Put in graft Grab top edge, roll around the mesh so when it ends up in the peritoneal cavity it will unroll putting the lateral edge laterally and you pull the mesh up and push it in medially. Roll tight enough so it can go down the port (53:47) Pull the lateral edge laterally in perotonium (53:53) Pull up superiorly covering cord and ensuring the perotineum is beneath the mesh, and then tuck in laterally Medialize the mesh
Tack mesh in position (1:07:42) While tacking, ensure you are clear of the epigastric vessels
Start sucking out the CO2 in the peritoneum Push down on the mesh with suction to ensure it stays in desired position as the peritoneum collapses Remove ports, close the patient (close fascial layers, then superficial layers)
The main area that needs to be avoided is the triangle of doom. The triangle consists of vas deferens medially, gonadals vesels laterally, inferiorly by peritoneum. Inside the triangle are the iliac artery and vein, which absolutely must be avoided as it is the largest and most significant blood supply to lower half of the body.
Other major arteries such as the inferior epigastric vessels should be avoided. Furthermore, putting increased tension on any blood vessels or spermatic chord can cause increased recovery time and increased post-operative pain. Specifically, the tension on the vas deferens can cause ischemic testicles.
Diet: You should follow a light diet the first 24 hours after surgery, such as soup, crackers, pudding, etc. Resume your normal diet the day after surgery.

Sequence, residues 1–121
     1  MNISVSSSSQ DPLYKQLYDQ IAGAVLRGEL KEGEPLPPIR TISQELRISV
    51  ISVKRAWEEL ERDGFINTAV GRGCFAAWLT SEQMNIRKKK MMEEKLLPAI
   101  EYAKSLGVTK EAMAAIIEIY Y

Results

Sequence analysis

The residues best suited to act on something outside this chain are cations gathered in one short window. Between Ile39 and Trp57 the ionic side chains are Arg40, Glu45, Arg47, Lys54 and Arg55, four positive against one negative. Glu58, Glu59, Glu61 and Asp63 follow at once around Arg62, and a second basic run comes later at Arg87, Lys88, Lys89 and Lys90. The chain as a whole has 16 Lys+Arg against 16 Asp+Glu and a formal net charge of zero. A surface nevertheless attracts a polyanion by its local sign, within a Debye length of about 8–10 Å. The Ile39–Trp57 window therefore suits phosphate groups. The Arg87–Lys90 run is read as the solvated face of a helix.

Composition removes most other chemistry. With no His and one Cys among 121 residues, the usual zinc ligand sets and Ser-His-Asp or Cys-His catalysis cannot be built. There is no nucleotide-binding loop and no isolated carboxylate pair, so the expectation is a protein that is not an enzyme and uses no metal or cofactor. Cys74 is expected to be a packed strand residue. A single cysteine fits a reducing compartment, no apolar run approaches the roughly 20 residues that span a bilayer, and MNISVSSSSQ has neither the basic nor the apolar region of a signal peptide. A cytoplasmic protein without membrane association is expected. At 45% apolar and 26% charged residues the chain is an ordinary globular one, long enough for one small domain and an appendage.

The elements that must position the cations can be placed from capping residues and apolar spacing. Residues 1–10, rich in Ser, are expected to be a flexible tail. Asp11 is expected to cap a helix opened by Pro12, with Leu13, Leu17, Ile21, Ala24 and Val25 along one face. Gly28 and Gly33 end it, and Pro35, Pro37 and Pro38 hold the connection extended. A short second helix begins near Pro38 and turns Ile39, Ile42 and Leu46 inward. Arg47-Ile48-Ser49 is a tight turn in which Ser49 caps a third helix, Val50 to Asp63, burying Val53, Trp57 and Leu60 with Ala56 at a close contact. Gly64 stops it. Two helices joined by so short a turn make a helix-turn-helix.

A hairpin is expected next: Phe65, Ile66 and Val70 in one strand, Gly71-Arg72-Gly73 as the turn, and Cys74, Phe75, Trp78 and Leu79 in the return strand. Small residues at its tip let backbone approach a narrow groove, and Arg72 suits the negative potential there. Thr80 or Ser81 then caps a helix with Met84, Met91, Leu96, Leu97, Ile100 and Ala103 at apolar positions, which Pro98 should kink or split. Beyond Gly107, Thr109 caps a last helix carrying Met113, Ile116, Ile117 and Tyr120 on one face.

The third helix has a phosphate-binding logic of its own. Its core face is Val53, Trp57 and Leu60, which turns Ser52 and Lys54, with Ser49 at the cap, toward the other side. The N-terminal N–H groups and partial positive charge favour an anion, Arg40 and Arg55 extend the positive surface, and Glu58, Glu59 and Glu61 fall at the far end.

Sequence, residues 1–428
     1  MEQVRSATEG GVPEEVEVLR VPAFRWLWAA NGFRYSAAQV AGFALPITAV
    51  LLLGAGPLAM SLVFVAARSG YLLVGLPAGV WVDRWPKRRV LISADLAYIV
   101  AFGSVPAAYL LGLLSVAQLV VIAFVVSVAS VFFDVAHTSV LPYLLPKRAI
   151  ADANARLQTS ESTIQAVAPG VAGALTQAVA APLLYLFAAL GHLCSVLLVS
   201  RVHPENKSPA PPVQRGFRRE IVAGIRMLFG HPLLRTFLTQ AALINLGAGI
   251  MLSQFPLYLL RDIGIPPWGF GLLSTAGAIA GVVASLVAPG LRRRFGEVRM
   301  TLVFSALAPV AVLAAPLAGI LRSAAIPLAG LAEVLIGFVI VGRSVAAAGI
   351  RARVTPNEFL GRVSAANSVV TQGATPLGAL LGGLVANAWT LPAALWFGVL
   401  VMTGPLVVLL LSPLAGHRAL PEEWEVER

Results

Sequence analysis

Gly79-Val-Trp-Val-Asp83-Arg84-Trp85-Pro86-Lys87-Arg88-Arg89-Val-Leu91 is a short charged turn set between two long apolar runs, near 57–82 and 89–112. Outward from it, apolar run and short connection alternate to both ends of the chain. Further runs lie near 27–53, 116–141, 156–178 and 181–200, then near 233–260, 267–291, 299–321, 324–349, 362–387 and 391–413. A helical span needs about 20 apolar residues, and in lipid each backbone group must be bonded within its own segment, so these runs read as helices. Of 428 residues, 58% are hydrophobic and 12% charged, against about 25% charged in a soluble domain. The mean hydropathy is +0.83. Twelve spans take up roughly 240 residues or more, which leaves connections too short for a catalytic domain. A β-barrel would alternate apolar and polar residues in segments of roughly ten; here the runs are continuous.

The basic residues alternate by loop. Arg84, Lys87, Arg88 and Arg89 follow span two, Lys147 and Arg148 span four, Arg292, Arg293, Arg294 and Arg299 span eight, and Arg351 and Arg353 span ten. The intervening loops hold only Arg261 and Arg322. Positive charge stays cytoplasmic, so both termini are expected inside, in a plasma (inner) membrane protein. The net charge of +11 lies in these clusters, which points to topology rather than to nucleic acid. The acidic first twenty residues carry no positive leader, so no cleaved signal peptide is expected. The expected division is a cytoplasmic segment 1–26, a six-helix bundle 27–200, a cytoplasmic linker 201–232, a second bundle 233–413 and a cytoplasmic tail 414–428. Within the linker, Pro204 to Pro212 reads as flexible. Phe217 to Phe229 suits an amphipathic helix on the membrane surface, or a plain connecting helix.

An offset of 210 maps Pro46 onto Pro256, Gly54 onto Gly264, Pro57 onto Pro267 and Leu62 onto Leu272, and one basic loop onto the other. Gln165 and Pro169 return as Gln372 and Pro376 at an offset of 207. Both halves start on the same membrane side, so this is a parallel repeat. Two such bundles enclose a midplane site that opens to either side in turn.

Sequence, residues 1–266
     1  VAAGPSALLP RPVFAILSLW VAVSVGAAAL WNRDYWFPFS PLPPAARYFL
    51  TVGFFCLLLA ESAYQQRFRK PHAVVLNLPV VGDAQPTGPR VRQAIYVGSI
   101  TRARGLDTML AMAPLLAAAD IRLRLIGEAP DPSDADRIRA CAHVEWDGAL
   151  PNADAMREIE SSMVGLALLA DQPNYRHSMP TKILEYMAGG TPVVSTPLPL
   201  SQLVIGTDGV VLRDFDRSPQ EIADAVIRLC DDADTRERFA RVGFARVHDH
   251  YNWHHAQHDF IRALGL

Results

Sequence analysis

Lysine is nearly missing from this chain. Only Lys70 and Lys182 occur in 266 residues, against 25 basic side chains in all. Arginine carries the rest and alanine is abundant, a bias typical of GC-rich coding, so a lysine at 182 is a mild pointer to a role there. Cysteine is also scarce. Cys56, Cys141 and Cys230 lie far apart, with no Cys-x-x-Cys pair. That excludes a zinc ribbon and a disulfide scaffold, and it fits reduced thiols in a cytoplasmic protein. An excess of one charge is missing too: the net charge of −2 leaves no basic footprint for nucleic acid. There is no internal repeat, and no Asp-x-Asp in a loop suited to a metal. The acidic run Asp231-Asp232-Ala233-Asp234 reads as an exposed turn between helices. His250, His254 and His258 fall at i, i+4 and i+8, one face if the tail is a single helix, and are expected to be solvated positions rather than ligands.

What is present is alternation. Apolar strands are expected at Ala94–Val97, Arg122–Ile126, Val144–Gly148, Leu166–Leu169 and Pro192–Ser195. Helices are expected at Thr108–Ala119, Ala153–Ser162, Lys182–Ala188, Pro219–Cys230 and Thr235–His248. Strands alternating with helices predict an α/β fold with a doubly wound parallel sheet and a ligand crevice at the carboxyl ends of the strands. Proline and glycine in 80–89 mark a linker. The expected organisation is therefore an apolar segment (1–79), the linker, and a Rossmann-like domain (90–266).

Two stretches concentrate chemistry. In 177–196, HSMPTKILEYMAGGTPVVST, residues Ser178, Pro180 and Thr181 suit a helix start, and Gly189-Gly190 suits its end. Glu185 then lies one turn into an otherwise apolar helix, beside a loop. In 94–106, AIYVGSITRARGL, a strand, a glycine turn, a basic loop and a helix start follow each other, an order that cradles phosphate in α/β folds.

Laparoscopic inguinal hernia repair (TAPP)
• Hernia protruding
through a weak point
in the fascia medial to
• Structures interacted
– hernia sac
– Hesselbach’s triangle
• hernia protrudes thru
the inguinal ring,
lateral to epigastric
• Structures interacted
– spermatic cord
– vas deferens
– testicular arteries
Causes of Inguinal Hernia
• Increased pressure
• Mass/bulge in the
• A burning sensation
in the groin
• Strangulated hernia:
– Sudden pain,
• Position of patient:
• Surgeon positions:
– Surgeon on opposite side
– Camera operator opposite
side of surgeon
– Monitors at feet of patient
• Existence of an inguinal hernia
• Recurrent hernias
• Bilateral hernias
• Absolute contraindications
Inability to tolerate general anesthesia
Intra-abdominal infections that limit the use of
Previous abdominal surgery, especially pelvic surgery
– After further
clearly identified –
– Spermatic cord teased
away from hernia sac
– Grab edge of
peritoneal sac and drag
away from defect and
• Identify the hernia
sac and dissect
• Pull down on plane of
off fat on the
abdominal wall so it
does not get in the
way of the mesh
• Put in the mesh that
will cover the defect
• polypropylene mesh
• Mesh is curved, with
• Positioning of mesh
• Tack mesh in place or
• Start suctioning
out the CO2 in the
• Push down on the
mesh with suction
• Remove ports,
close the patient
• TACKING THE MESH
Tacks should be placed only above the iliopubic tract.
Proper placement may be ensured by drawing a line from
the pubic tubercle to the anterior superior iliac spine
(ASIS) at the start of the procedure
Before firing each tack, carefully palpate the tacker head
through the abdominal wall to ensure that it is above this
Dangers/Areas to be Avoided
• Triangle of doom
– vas deferens
– gonadal vessels
– Inside the triangle
are the iliac artery
Dangers/Areas to be Avoided
• Triangle of pain
– Contains cutaneous
• Major arteries and
– Epigastric vessels
– Specific example:
tension on vas
• A prescription for pain medication is given to
you upon discharge
• Light diet the first 24 hours after surgery
• resume regular (light) daily activities
beginning the next day
• Follow up appointment with doctor 2-3 weeks
– less tissue dissection and disruption of tissue
– smaller incisions just for the trocars
– Less pain postoperatively
– earlier return to normal activities for the patient
– Learning curve for the procedure